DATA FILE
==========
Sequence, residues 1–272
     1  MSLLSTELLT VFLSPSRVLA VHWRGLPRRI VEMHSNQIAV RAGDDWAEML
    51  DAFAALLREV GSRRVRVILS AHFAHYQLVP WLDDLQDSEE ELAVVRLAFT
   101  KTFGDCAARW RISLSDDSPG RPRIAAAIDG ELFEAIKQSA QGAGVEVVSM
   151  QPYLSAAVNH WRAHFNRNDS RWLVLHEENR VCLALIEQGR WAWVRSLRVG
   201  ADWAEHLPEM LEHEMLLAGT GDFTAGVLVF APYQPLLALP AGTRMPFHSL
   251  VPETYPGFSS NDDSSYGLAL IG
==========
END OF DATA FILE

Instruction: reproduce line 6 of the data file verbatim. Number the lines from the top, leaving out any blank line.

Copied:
   201  ADWAEHLPEM LEHEMLLAGT GDFTAGVLVF APYQPLLALP AGTRMPFHSL